WASHINGTON, April 8, 2011 — The conversation flowed easily this morning as Army Col. Sean M. Jenkins sat with several 101st Airborne Division soldiers, talking about everything from operations heating up in Afghanistan’s Paktika province to the impact of a possible government shutdown on his deployed troops and their families back at Fort Campbell, Ky.
The setting wasn’t Forward Operating Base Sharana, Jenkins’ 4th Brigade Combat Team and Task Force Currahee headquarters, or one of its combat outposts dotting the easternmost sector of Regional Command East in Afghanistan.
It was in a cafeteria here at Walter Reed Army Medical Center where Jenkins, traveling home for his mid-tour rest-and-recovery leave, paid a visit to check on his wounded troops. They gathered around the table, one in a wheelchair, one with a cane, another rubbing his steel-plated leg that always aches when the barometer drops, eager for news about the units and comrades they left behind.
The 101st “Screaming Eagles” have suffered heavy losses during their deployment as part of the surge force in Afghanistan. The 4th Brigade Combat Team alone has lost 15 soldiers since it deployed last summer, with scores more wounded and more than 40 medevacced out for advanced medical care.
So when Jenkins left Afghanistan for the first time in seven months for his mid-tour leave — before seeing his wife Karin, his bubbly, blonde 3‑year-old daughter, or his beloved golden retriever and black Labrador dogs at Fort Campbell — he spent several days with his wounded warriors at Brooke Army Medical Center in San Antonio, Texas; and Walter Reed. “I came to say thanks,” Jenkins said, “and to talk with them about what is going on forward and how their teammates are doing.”
The chit-chat today in Walter Reed’s cafeteria, hallways and the Military Advanced Training Center where soldiers receive intensive physical therapy treatments bounced from one topic to another. They praised a heroic private first class from the unit who was undaunted as his unit faced the enemy, discussed the merits of the leadership novel, “Once an Eagle,” talked about improvements in military housing and heard news of the new 120 mm precision-guided mortar munitions round the brigade just received in Afghanistan. But beyond the casual and sometimes not-so-casual conversation, Jenkins worked to gauge how his soldiers are faring as they recover from lost limbs, shattered bones and other devastating injuries.
“I try to open up a stream of conversation with them about how they are doing, how they are being treated, how their medical care is going and what their concerns are,” he said. Throughout his conversations, he pulled out a pocket-size notebook to jot down names, email addresses and messages to pass on or requests to follow up on.
“These guys deserve everything we can do for them, and nothing less,” Jenkins said. “They need to understand that we are here for them, whatever it is they need.” Once of the most welcomed things Jenkins delivers to the troops — whether his own or members of another 101st Airborne Division element — is reassurance that they haven’t been forgotten.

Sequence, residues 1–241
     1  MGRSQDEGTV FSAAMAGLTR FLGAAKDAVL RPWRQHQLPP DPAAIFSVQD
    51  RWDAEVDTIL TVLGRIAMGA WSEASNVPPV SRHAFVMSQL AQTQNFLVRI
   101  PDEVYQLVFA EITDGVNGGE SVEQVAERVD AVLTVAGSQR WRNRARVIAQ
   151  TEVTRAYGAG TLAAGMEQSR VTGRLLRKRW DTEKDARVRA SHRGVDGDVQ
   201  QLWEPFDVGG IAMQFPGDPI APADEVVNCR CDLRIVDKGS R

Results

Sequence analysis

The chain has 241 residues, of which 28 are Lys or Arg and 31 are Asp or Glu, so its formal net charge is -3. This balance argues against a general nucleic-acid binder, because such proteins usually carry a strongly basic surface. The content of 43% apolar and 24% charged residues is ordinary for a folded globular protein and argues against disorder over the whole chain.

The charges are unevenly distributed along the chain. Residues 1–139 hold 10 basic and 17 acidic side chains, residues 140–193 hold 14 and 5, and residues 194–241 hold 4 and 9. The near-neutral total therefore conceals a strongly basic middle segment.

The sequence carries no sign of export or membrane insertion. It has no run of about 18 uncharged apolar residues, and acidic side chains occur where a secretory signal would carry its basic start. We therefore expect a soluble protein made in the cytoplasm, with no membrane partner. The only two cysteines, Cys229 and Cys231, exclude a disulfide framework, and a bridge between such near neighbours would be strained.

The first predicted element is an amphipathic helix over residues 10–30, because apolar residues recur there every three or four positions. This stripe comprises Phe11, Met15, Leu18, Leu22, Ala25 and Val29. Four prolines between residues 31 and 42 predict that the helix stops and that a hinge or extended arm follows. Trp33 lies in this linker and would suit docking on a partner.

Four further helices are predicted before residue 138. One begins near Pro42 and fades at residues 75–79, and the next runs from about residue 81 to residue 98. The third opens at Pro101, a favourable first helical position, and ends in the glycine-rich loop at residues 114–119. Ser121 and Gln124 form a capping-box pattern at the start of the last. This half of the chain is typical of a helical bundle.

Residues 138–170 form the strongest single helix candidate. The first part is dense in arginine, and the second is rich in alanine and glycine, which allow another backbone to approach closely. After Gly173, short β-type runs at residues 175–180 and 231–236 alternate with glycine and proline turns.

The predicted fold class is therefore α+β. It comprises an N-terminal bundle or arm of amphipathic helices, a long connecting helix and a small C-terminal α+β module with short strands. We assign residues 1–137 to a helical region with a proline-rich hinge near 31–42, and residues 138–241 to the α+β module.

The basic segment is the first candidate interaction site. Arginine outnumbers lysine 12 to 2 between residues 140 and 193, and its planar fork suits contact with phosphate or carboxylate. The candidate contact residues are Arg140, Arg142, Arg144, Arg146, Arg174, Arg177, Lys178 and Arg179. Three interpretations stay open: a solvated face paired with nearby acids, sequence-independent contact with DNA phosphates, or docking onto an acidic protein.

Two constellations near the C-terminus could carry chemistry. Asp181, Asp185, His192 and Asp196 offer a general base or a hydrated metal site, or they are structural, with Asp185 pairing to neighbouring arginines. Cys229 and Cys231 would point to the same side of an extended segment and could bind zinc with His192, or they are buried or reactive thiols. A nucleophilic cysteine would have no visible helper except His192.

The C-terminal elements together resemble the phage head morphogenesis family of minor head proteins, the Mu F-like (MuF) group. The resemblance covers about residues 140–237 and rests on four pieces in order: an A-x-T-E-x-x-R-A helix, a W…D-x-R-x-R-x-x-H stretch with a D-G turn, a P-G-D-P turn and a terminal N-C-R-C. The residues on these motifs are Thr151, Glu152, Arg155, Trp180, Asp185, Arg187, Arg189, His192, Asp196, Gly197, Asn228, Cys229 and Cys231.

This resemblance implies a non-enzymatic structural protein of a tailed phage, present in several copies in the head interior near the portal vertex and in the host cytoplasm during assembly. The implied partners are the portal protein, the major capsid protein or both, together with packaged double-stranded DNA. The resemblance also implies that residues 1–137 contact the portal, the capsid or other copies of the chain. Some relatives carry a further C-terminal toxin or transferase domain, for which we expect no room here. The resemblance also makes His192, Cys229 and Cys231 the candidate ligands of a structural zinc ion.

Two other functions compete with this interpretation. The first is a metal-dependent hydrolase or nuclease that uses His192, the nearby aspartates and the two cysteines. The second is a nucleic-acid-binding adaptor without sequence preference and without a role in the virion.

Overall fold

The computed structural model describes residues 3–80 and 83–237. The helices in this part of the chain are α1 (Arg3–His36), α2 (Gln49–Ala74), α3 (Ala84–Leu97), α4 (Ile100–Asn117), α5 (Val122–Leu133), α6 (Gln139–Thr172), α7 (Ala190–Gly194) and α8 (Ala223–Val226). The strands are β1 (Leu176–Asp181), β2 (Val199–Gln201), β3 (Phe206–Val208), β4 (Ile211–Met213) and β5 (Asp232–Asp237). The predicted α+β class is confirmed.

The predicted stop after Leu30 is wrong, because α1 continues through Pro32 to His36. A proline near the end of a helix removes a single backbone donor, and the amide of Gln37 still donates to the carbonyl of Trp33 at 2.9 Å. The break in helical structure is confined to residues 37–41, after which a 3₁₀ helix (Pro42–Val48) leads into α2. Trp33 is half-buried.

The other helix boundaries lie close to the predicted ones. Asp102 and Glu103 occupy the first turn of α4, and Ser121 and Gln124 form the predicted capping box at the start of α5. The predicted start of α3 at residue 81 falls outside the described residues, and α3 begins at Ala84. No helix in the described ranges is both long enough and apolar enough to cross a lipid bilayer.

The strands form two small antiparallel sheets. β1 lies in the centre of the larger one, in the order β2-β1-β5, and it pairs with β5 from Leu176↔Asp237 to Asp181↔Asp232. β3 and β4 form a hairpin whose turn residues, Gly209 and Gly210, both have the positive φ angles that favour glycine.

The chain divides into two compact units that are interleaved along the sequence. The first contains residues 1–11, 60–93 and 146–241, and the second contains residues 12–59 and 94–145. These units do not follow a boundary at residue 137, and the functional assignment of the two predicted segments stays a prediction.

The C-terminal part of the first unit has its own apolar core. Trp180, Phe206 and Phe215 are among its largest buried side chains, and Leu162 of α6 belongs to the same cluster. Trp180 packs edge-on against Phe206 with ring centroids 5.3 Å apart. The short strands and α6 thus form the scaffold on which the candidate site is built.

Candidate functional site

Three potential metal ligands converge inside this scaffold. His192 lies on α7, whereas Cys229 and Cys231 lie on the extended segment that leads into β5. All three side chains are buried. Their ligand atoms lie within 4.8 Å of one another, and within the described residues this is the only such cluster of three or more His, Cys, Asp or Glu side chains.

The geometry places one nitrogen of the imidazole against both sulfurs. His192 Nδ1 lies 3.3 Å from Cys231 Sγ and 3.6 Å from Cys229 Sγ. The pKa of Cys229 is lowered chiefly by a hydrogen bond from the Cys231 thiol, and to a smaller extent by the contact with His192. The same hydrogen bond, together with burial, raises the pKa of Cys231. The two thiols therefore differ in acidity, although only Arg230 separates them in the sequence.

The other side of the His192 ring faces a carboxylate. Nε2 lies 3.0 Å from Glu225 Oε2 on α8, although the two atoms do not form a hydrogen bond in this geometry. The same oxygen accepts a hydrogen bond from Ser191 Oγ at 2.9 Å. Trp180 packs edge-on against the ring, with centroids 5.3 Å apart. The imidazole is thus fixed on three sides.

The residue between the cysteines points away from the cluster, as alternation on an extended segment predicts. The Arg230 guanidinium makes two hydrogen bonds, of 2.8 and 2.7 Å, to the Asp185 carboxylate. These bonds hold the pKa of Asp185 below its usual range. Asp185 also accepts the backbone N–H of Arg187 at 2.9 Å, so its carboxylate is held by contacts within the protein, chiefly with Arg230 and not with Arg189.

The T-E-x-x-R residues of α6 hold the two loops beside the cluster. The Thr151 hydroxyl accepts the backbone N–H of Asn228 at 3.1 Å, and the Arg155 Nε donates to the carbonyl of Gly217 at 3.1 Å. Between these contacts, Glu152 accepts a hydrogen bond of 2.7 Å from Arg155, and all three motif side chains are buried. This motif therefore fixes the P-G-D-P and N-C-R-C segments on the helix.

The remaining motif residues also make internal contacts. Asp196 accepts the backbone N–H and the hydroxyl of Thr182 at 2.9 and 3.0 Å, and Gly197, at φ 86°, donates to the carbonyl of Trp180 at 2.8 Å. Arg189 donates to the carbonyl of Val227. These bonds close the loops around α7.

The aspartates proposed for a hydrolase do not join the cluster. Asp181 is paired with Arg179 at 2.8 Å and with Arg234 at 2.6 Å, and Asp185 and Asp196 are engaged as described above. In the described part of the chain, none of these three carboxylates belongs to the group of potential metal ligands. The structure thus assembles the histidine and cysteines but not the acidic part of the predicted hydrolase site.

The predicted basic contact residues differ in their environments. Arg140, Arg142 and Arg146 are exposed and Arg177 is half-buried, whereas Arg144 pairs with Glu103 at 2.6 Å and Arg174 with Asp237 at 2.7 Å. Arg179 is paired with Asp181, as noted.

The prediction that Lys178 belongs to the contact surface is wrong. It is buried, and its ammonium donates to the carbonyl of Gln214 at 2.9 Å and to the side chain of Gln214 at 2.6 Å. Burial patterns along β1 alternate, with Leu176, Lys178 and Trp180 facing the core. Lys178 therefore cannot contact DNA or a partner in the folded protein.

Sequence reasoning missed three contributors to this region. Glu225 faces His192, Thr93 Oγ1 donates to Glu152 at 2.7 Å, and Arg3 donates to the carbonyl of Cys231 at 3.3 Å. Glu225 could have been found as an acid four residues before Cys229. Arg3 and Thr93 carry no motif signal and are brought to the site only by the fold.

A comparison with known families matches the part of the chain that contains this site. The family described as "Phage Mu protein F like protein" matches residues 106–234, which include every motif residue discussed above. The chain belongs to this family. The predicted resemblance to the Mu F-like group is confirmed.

“They are still part of the team,” he said. “And that is part of the message. I tell them, ‘Just because you are back here, attached or assigned to one of the hospitals for a period of time, you are still part of the unit.’ It is important they understand that linkage is not broken.”
Many of the wounded warriors call that some of the best medicine they could get.
“It’s very important to me. It’s part of your mental fitness,” said Army 1st Lt. Aaron Palmer, a 1st Battalion, 506th Infantry Regiment soldier whose femur was broken in three places and his iliac artery destroyed during an enemy attack in October.
“I can’t tell you how close we are overseas,” Palmer said. “Your unit becomes like your family, and it’s really great when that family keeps in touch with you.…Every time I see that [Screaming Eagle] patch, I know it’s a brother.”
“It helps me a lot,” agreed Army Sgt. Anthony Verra of the 4th BCT’s sister 2nd “Strike” BCT who lost both legs to an improvised explosive device in September. “Visits like this are really motivational.”
Army Pfc. Corey Kent, another “Strike” soldier, said he’s been “blown away” by the outpouring he’s received from his fellow Screaming Eagles since arriving at Walter Reed in mid-July, just three weeks into his deployment.
Kent was on a patrol near Kandahar, called in to provide security for another unit that had been hit by an IED. He suffered the same fate, losing two legs, one above the knee and one at the hip, as well as all the fingers on his left hand.
Today, he told Jenkins he had hoped to make the military a career and still plans to explore options the Army may open to him. “I’d feel like I was giving up if I just leave,” Kent said.
Jenkins said he encourages his soldiers not to let their wounds prevent them from striving for their dreams. “There are no closed doors,” he tells them. “Only you close the door if you physically want to close the door.”
U.S. Department of Defense
Office of the Assistant Secretary of Defense (Public Affairs)
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